to slap upon the deck.  Now give him a hammer

and lots of tacks, and let all mortal flesh keep silence


about Jesús, born to save us from such tasks.


My God, I am rich and proud and seated on my throne.  The rest is clear.  Help me accept in Joy your advent in a new accent, for by such intrusion you save me from myself.  Amen.


Advent Devotion 16

Gift Giving

Dale Tucker


When they had heard the king, they set out; and there, ahead of them, went the star that they had seen at its rising, until it stopped over the place where the child was.  When they saw that the star had stopped, they were overwhelmed with joy. On entering the house, they saw the child with Mary his mother; and they knelt down and paid him homage. Then, opening their treasure chests, they offered him gifts of gold, frankincense, and myrrh.

Matthew 2:9-11


Those Magi from the east set a high bar, bringing the Christ child gold, incense and myrrh!  Ever since, gift giving has been part of the Christmas story.  Of course there is the third century Nicholas who sold his inheritance to assist the needy and dedicated his life to serving God.  He even threw three bags of gold through a poor family's window to provide a dowry for three poor girls, thus he was known as a gift giver.  Seems we have strayed a bit from this example and now Christmas is a consumers' frenzy.  Our children write letters to St. Nick underscoring how good they have been and how they NEED more new toys.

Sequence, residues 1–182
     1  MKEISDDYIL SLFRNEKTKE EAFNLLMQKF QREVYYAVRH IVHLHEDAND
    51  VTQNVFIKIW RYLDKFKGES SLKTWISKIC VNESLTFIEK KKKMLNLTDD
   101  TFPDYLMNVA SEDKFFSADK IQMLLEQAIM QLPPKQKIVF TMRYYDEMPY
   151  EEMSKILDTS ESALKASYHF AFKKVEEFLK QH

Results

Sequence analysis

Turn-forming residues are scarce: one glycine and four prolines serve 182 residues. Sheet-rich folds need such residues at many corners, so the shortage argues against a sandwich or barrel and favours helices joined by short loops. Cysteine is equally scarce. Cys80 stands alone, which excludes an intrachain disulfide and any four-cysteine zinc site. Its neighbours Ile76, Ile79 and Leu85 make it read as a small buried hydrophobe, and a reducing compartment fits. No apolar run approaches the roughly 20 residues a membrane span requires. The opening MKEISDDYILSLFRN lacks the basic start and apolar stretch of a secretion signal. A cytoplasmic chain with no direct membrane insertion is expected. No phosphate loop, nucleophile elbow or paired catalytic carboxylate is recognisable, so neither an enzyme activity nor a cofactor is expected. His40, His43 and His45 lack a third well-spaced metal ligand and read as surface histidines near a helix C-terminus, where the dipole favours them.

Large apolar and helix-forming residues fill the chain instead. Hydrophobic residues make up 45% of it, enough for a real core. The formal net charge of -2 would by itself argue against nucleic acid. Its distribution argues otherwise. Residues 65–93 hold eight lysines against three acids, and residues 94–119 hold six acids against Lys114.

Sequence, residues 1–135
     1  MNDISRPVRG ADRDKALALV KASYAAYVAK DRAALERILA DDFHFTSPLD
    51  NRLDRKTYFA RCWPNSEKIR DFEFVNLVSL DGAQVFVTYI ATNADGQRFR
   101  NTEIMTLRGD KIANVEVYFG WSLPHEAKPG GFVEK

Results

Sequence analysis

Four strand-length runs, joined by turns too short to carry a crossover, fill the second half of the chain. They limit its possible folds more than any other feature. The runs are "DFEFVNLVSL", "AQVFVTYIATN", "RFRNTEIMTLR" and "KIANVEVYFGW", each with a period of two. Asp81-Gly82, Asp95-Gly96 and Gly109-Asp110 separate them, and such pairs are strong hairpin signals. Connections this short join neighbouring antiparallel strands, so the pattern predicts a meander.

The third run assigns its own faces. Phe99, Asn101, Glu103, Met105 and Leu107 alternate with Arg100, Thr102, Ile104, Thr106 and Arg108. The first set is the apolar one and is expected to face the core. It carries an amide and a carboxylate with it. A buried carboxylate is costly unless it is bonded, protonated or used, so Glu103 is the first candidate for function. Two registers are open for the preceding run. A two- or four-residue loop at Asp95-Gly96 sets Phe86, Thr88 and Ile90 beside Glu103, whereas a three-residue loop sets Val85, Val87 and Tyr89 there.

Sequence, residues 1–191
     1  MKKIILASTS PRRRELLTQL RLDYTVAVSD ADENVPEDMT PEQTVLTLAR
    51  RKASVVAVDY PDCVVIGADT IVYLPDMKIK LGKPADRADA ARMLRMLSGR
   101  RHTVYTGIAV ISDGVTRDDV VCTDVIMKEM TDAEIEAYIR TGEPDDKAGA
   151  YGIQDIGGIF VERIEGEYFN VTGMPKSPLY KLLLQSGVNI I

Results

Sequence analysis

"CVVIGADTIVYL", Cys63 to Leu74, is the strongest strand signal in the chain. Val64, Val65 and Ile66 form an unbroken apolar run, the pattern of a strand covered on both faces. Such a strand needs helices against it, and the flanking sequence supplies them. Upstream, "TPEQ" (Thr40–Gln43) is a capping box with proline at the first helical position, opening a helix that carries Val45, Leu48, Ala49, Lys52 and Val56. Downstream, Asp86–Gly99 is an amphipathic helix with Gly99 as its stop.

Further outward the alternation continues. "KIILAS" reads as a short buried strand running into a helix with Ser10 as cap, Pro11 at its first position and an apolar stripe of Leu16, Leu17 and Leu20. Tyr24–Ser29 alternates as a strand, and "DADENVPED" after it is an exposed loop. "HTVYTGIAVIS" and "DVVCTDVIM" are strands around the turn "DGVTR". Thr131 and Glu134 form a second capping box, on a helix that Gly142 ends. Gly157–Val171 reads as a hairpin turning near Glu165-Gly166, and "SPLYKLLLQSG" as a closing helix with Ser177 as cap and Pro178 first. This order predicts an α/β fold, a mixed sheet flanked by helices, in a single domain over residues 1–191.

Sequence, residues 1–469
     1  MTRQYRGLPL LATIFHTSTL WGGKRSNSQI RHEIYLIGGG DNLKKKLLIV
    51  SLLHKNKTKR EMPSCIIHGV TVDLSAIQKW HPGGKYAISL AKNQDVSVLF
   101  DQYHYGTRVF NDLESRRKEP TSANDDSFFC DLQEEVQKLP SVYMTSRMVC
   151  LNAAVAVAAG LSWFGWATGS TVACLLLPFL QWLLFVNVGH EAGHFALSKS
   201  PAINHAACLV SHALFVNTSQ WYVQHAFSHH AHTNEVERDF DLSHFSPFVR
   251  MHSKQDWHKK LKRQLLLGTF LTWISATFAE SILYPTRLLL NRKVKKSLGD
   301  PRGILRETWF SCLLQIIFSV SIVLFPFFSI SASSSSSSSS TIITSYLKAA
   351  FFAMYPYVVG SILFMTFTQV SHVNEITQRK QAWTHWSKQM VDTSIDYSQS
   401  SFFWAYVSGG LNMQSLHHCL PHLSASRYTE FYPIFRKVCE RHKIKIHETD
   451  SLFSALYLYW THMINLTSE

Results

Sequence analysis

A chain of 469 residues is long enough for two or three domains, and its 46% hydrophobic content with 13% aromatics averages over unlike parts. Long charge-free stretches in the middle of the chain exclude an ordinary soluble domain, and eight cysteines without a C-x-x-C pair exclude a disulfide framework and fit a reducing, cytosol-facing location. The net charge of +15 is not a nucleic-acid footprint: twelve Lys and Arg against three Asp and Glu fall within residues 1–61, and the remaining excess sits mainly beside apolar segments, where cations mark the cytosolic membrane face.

As a teen I watched a Christmas segment of The Rifleman in which Mark, the son of Lucas (aka The Rifleman), had been saving his money for a new rifle.  But then he encountered a family that had nothing and decided to use his money to buy presents for the children in that family.  He put the presents by their door, knocked and then hid behind a tree to watch the wonder and happiness of those children.  It was a very satisfying (and joyful) Christmas for Mark. 


We also had a family like that in my town so my younger brother and I took Mark's lead and pooled our money and bought the two children toys and goodies for Christmas.  We also put their gifts on the porch, knocked and hid and watched those kids have a good Christmas after all.   I still remember my feelings of satisfaction and happiness as we watched this unfold.  That brought home to me the true meaning of giving gifts at Christmas--much more significant than trying to find "just the right gift" for someone who already has too much.